REVIEW of Westerfield, Scott. Uglies. Simon Plus [Simon & Schuster], 2005. 425p $8.99 Paperback. ISBN 978-0-689-86538-1. VOYA codes: 4Q 4P S
Uglie Tally has crossed the river, snuck into New Pretty Town, and made it back many times. She has outwitted talking bridges, hovercars and more with her daring moves, technological dexterity, and stealth. It’s been fun and exciting, but in a few days she’ll be sixteen and a prettie herself. With surgery and nary a thought, she’ll join the happiness and parties across the river and reunite with Peris, already a prettie himself. Little does Tally know that a glimpse of the natural world outside of the city with her friend, Shay, will change all this.
As Tally is forced by Special Circumstances to find the hidden settlement of the Smokes, there are engaging literary images of flight by hoverboard, worthy suffering, dangerous flowers, and the lure of the Smokes establishment, where ugliness is preferred. Tally sets out to betray Shay and the Smokes, but once there Tally sees the ruins of 20th century society being picked through and turned into a hard but liberating way of life. Her mission of betrayal becomes one of self-discovery and courage.
The reader accompanies Tally on her journey of arduous decisions about appearance, honesty, loyalty, deceit, love, and ethics. This seems like a tall order, but the novel’s candor and readability make Uglies a literary vehicle through which teens can identify with the protagonist and be propelled through real issues – thrill-seeking, friendship, lying, metamorphosis, romance, regret, guilt, and choice.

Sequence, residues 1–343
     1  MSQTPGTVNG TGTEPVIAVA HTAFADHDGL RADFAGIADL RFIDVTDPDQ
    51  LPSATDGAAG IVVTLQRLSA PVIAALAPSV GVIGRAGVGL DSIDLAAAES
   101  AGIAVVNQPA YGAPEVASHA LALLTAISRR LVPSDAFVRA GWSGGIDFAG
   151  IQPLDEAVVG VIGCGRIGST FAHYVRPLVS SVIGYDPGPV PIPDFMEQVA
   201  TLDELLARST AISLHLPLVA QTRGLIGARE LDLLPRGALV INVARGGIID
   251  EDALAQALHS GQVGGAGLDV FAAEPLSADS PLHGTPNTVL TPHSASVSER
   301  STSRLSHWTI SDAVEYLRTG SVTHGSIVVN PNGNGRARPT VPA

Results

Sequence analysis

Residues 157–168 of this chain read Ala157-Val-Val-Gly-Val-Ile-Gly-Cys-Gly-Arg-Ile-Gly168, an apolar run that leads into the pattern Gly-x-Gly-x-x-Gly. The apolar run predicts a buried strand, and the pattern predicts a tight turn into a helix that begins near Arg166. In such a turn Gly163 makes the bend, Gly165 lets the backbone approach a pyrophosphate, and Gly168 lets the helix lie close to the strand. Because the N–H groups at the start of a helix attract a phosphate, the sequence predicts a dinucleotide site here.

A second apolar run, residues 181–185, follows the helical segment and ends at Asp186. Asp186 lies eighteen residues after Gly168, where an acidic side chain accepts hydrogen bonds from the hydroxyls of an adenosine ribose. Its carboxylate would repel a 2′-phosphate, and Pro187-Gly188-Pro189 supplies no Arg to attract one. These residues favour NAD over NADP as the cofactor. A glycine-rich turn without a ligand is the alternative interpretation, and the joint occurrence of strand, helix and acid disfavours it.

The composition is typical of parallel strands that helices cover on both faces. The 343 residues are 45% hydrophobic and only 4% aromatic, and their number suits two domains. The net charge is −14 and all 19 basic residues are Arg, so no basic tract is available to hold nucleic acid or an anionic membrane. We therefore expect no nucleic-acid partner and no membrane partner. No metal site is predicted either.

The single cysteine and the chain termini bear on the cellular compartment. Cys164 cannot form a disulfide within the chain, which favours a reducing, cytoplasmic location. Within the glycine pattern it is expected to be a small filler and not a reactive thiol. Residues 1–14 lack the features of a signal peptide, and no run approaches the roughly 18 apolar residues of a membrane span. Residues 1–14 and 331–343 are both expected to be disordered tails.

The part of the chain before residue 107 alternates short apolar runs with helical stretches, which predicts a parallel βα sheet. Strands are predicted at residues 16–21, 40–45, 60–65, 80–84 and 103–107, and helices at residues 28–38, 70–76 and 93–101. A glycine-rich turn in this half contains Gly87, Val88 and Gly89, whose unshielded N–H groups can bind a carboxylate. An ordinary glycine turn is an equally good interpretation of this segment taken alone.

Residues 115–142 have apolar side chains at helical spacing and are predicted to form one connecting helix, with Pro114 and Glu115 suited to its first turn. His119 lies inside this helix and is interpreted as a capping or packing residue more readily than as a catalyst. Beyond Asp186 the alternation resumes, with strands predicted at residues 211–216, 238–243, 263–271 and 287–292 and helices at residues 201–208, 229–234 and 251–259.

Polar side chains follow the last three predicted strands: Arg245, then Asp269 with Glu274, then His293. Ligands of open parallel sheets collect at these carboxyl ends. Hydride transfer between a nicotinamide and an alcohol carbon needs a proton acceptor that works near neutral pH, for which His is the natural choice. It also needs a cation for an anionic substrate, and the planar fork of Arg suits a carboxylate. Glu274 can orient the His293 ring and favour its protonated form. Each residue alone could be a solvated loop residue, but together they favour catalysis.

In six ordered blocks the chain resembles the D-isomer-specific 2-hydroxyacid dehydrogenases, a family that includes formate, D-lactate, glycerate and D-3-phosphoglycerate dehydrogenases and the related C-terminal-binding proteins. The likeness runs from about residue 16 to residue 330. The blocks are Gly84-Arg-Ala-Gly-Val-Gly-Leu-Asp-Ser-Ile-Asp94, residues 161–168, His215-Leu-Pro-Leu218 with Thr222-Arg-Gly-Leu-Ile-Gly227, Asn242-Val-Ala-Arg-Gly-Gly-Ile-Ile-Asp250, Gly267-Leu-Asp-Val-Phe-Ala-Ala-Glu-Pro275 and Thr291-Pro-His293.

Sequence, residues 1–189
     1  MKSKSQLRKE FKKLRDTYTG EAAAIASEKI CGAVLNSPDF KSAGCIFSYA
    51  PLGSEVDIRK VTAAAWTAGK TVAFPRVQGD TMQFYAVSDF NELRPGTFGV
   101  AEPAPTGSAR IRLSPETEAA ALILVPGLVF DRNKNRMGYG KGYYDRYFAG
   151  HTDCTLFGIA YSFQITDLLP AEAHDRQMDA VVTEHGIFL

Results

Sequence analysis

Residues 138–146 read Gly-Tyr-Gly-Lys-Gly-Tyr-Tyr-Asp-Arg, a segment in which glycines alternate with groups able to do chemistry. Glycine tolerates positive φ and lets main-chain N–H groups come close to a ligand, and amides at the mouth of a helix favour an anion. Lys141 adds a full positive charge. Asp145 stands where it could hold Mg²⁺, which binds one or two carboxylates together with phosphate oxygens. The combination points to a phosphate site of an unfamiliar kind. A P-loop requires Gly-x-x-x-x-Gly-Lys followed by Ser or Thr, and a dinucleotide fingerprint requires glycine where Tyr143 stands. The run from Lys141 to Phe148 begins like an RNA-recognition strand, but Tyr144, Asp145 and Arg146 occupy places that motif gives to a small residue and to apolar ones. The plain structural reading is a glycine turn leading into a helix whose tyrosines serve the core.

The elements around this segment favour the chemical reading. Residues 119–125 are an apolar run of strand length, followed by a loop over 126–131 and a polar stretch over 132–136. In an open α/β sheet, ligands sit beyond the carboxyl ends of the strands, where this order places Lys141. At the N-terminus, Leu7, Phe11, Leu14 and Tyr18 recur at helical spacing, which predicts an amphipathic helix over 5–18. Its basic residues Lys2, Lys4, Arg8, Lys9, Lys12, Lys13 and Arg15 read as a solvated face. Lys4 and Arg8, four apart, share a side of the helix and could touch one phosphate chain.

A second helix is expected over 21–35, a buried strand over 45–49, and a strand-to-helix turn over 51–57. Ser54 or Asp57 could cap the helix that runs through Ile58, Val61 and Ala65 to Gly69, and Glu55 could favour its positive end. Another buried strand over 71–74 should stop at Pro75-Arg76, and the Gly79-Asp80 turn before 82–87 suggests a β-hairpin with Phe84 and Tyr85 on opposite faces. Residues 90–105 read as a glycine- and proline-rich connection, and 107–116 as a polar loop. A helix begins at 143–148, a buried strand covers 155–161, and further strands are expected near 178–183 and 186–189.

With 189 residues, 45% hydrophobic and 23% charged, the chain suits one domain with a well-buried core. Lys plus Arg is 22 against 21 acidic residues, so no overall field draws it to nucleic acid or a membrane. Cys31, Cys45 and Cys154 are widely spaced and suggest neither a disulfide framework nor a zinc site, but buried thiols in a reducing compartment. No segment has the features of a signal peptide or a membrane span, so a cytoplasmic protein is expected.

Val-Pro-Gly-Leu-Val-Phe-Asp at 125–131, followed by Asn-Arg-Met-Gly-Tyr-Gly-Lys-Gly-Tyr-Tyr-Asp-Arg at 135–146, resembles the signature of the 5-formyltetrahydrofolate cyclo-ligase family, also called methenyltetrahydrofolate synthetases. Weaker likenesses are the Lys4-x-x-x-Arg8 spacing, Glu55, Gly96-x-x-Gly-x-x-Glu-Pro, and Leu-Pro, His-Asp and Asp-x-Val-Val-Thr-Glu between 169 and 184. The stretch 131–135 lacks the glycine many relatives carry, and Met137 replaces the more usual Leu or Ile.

Westerfield’s writing is straightforward with bursts of imaginative description. The topics will speak to teens and help them gather an array of ideas to consider. The length of the novel might prove challenging to reluctant or time-pressured readers, but the story is divided into three manageable sections. Wondering and predicting what Tally will do next will hook any teen who faces real life decisions.
Storyline: character-driven, issue oriented, open-ended
Tone: angst-filled, emotionally intense, thought-provoking
Writing style: candid, engaging, thoughtful